But when everything is out there in the open and nothing is hidden — when every negotiation is open, every committee meeting is open, every labor management meeting is open, all the bulletin board information is up to date, and so is the Baystate Nurses United Facebook page — then it’s really hard for the hospital to get their message to stick.
We were making sure that the information was available, so it was really hard for anyone to say, “I didn’t know.” The nurses who were buying into Baystate’s message were the ones who chose not to participate in any way, and did nothing to seek out information. If they still said they didn’t know, that means they chose to put their head in the sand, which means they were already with the hospital, and it doesn’t matter what we say or do.
The key then becomes to inoculate the rest of the members against that minority. Not to bully or shame them, or be aggressive, but simply to have the answers — so that when they chose to spout the hospital’s poison, the rest of the members say: “I don’t believe you.”
THE UNION put a lot of work into organizing community support? How was that organized?
BECAUSE IT’S such a long fight, you have peaks and valleys. What we’ve learned is that even if you’re in a valley, you have to keep the communication going.
And even though we already had great community networks, people have other concerns — this isn’t their only fight. There are a million things going on in the Trump era. We’re just one of many struggles. So if we don’t keep coalition members engaged, they’re going to be distracted, but not because they don’t care.
Among other unions, the Teamsters refused to deliver anything to the hospital during our strike and lockout. We received letters of solidarity from Vermont and New York nurses. We had the International Brotherhood of Electrical Workers, the firefighters, the teachers, the food service workers, AFSCME, SEIU — you name it, they were there.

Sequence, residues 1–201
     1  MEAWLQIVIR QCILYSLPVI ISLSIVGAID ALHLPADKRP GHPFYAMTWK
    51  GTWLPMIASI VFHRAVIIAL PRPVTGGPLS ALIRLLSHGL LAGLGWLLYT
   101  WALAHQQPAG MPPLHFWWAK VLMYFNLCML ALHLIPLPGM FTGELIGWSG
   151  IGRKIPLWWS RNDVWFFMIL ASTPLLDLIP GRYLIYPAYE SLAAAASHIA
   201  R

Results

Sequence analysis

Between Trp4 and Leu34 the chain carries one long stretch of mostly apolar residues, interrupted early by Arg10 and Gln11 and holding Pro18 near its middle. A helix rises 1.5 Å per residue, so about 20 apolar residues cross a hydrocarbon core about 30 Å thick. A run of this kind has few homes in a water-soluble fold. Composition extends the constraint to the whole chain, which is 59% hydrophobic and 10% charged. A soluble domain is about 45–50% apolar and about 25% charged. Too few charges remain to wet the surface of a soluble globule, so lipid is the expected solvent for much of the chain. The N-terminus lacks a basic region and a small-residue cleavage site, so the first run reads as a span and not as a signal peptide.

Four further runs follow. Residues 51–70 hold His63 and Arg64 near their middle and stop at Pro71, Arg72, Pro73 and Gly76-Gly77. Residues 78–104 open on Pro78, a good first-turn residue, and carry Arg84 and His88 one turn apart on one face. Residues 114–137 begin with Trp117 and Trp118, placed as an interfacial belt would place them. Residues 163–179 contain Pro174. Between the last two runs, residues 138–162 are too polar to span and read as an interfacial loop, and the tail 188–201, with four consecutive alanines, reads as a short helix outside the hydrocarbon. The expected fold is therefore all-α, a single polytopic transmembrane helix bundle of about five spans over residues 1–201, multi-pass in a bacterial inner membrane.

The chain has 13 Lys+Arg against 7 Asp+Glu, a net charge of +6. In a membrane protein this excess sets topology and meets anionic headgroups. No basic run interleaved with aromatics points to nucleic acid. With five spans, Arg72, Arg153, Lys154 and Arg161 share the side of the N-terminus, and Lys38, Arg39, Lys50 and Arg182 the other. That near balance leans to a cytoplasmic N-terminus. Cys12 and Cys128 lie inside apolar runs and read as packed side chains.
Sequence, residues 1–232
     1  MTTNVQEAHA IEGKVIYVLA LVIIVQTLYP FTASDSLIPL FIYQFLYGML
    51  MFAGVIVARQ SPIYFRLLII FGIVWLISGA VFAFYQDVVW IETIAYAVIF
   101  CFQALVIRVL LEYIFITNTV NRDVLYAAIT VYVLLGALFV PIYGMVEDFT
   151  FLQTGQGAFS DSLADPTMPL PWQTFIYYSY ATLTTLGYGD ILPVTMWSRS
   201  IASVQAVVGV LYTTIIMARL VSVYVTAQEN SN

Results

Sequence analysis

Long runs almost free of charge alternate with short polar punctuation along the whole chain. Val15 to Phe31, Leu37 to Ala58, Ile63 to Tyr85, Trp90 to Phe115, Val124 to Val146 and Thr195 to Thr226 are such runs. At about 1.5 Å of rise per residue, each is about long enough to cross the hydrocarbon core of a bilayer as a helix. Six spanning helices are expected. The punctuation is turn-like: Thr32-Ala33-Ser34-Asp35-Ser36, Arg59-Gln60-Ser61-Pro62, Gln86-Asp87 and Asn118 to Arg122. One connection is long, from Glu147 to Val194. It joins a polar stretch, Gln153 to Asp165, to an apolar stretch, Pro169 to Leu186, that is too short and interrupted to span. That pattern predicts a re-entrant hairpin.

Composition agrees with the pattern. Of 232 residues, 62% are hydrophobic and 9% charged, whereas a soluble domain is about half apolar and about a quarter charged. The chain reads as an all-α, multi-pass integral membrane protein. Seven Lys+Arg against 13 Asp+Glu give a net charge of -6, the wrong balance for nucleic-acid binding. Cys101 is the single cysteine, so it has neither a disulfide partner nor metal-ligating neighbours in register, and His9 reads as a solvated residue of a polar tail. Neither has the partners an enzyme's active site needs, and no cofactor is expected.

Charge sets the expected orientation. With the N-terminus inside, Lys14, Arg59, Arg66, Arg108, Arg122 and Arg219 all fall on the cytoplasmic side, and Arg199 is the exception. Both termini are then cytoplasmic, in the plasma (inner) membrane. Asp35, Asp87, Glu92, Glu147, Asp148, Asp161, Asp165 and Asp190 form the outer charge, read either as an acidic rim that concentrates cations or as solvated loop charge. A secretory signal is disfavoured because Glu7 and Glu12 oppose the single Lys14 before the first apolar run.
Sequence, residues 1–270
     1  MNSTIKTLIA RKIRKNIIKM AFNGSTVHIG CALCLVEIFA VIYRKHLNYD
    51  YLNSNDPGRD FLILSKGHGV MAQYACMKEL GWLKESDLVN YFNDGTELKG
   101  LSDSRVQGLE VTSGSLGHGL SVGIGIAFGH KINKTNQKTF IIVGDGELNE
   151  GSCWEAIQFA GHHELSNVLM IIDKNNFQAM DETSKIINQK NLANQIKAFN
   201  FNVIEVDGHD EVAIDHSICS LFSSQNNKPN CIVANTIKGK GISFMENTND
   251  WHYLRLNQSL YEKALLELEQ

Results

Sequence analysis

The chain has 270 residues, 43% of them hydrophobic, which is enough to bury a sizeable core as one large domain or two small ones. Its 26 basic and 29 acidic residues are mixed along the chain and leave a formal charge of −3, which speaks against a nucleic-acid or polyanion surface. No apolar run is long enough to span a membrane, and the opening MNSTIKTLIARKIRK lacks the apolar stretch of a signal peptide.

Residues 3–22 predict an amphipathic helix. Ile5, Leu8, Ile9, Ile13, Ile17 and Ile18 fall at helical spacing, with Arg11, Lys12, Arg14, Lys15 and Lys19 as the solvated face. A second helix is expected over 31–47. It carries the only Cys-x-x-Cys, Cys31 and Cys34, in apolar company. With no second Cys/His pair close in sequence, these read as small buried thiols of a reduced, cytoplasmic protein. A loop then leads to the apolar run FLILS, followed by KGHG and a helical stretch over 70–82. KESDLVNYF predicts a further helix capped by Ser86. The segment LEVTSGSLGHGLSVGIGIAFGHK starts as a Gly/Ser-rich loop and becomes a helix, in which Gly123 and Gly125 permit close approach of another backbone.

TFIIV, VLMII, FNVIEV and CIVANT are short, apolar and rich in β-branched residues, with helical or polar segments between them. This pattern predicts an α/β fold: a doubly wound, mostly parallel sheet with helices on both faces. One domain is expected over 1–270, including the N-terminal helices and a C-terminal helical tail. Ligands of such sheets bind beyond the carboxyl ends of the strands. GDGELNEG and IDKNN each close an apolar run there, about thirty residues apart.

It was great. Workers have to remember that there’s more of us than there are of them. We have to constantly remember that.
SPEAKING OF Trump, the MNA was at the Women’s Marches and the March for Our Lives. Tell us how the union gets involved in these movements.
AND WE also worked on the “No on 2” campaign with the Massachusetts Teachers Association to defeat charter school expansion. We’ve been at the Verizon and AT&T strikes. We’ve been everywhere.
My vision is to build a social justice union that goes beyond the struggle over what’s happening in the hospitals. I think people are starting to connect the dots and see how our struggle is the symptom of a larger problem.
You and I both know what that problem is. It’s called capitalism. Not everyone is there yet, but people are starting to connect the dots and understand that none of these struggles happen in isolation.